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PR Release regarding Corneal Crosslinking corneal treatment for keratoconus

Collagen Crosslinking Using Riboflavin and UV Light Exposure for Keratoconus — First IRB Approved Study in India Started at Apollo Hospitals, Hyderabad

Collagen Crosslinking treatment is a new hope for keratoconus patients. This treatment helps arrest the progression of the disease, and the first IRB approved study in India has been initiated at Cornea Clinic, Hyderabad, by Dr Rajesh Fogla, senior corneal surgeon. Keratoconus patients can enquire for eligibility for this treatment.

Hyderabad, India, January 19, 2007 — Keratoconus is a corneal disease affecting 1 in 2000 individuals. The disease usually starts in young adults, and is characterized by progressive thinning and outward protrusion of the cornea. (Cornea is the clear structure in front of the human eye responsible for focusing of rays of light into the eye for a clear image.)

The cornea takes a conical shape, and produces astigmatism due to which the rays of light cannot be focused properly, resulting in deterioration of the quality of vision. In the early stage of keratoconus, vision can often be improved using cylindrical correction in the glasses. However, in later stages most patients require rigid gas permeable lenses for improvement in quality of vision. Intacs are plastic ring segments which can be inserted into the mid-peripheral cornea to produce flattening of the central cornea. This results in reduction of the severity of keratoconus, and improves both vision & contact lens fitting to a certain extent. However it does not affect the progression of keratoconus. It is estimated that almost 21% of keratoconus patients ultimately progress to an advanced stage of disease requiring corneal transplantation surgery to restore corneal architecture and improve eyesight.

Dr Rajesh Fogla, Senior Consultant, Corneal Surgeon at Apollo Hospitals, Hyderabad, India, has special interest in Keratoconus & its management. He has been providing specialized contact lens fitting for keratoconus patients, and also performs deep anterior lamellar keratoplasty (DALK) surgery. Compared to conventional full thickness corneal transplantation surgery, DALK surgery has several advantages. Unlike conventional corneal transplantation surgery wherein a central disc of full thickness cornea is entirely replaced with donor tissue, in lamellar keratoplasty the healthy inner layer of the patient’s cornea is retained and not sacrificed. (This layer called the endothelium is the most vital layer of the cornea responsible for maintaining the corneal clarity). Only the outer 80 -90% of the cornea is replaced with healthy donor tissue.

The other advantage of lamellar keratoplasty, is that as the inner layer is retained, the immune cells of the body do not recognize the outer donor tissue as being foreign. Hence there is no risk of endothelial rejection with lamellar keratoplasty, unlike full thickness graft wherein steroid therapy has to be continued for years to prevent graft rejection episodes. Dr Fogla has been performing deep anterior lamellar keratoplasty since 1998, and currently performs the same in all his patients with advanced keratoconus. He has been conducting instruction courses at various national and international meetings on the same subject.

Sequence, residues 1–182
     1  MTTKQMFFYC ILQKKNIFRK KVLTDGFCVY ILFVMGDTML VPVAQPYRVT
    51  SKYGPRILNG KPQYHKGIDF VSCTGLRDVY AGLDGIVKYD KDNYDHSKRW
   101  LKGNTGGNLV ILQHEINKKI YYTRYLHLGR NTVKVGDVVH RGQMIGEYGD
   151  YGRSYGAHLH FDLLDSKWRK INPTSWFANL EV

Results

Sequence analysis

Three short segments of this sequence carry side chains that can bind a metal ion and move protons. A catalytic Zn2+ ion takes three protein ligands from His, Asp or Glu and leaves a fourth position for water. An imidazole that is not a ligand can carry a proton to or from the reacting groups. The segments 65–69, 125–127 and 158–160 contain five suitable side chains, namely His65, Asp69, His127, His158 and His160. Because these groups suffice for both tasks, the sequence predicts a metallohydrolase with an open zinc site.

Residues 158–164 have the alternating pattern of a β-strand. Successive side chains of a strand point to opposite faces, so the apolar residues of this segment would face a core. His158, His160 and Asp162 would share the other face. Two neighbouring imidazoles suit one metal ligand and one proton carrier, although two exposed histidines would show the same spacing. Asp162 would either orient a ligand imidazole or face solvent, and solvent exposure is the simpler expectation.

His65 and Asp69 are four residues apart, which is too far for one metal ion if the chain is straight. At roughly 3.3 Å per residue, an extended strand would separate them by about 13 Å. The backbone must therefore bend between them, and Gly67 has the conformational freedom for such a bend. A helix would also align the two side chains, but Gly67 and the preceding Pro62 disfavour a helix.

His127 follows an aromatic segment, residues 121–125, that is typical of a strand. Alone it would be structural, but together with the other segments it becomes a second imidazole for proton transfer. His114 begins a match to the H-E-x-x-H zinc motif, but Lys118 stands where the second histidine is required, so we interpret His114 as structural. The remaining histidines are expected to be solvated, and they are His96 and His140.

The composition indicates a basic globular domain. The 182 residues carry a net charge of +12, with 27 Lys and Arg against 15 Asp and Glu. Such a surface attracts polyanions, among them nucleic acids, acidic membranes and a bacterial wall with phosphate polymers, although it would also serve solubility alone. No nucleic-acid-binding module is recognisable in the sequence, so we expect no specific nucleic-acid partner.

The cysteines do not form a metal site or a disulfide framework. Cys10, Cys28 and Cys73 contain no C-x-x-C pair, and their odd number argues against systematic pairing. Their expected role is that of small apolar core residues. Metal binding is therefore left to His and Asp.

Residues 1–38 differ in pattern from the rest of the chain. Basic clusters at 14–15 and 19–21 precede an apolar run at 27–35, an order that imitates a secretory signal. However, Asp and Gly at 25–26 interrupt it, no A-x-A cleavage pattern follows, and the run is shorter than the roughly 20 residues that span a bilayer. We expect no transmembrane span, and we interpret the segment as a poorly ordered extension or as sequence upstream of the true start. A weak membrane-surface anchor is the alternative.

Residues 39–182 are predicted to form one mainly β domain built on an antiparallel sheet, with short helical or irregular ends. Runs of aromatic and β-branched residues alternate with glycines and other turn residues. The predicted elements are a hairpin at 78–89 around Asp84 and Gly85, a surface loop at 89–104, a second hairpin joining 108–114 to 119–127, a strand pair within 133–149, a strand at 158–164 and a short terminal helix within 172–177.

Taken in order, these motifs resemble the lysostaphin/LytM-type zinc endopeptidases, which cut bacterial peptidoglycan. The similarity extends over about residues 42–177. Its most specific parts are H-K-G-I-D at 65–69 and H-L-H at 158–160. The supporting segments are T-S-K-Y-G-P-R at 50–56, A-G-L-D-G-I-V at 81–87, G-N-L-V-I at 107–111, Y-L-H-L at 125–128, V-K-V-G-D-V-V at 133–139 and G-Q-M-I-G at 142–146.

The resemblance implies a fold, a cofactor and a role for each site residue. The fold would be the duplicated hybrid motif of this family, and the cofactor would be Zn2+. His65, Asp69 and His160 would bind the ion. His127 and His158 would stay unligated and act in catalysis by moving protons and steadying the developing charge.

Dr Fogla, has started performing collagen crosslinking treatment using the photo-sensitizer riboflavin (Vitamin B2) and ultraviolet light (365nm) exposure for keratoconus patients. In extensive experimental studies, researchers have demonstrated a significant increase in corneal rigidity / stiffness after collagen cross-linking using this riboflavin / UVA treatment. The 3 & 5 year results of Dresden clinical study in human eyes has shown arrest of progression of keratoconus in all treated eyes. (Wollensak G. Crosslinking treatment of progressive keratoconus: New Hope. Current Opinion in Ophthalmology 2006; 17: 356 – 360).

Keratoconus patients now have a new hope, a new treatment modality which can arrest the disease progression and thereby prevent the need for surgical intervention in future. Although the procedure does not provide a cure for keratoconus, it certainly can stop its progression and patients can continue using their glasses or contact lenses for improved eyesight. Hence attempt should be made to diagnose keratoconus early enough and stop its progression using collagen crosslinking. Corneal topography can detect keratoconus much before it can be picked up on a routine eye examination. Hence this test should therefore be performed in all cases with high astigmatism, i.e., cylindrical power to detect keratoconus at an early stage. Further ongoing studies will help establish collagen cross-linking treatment as the primary modality of treatment for keratoconus.

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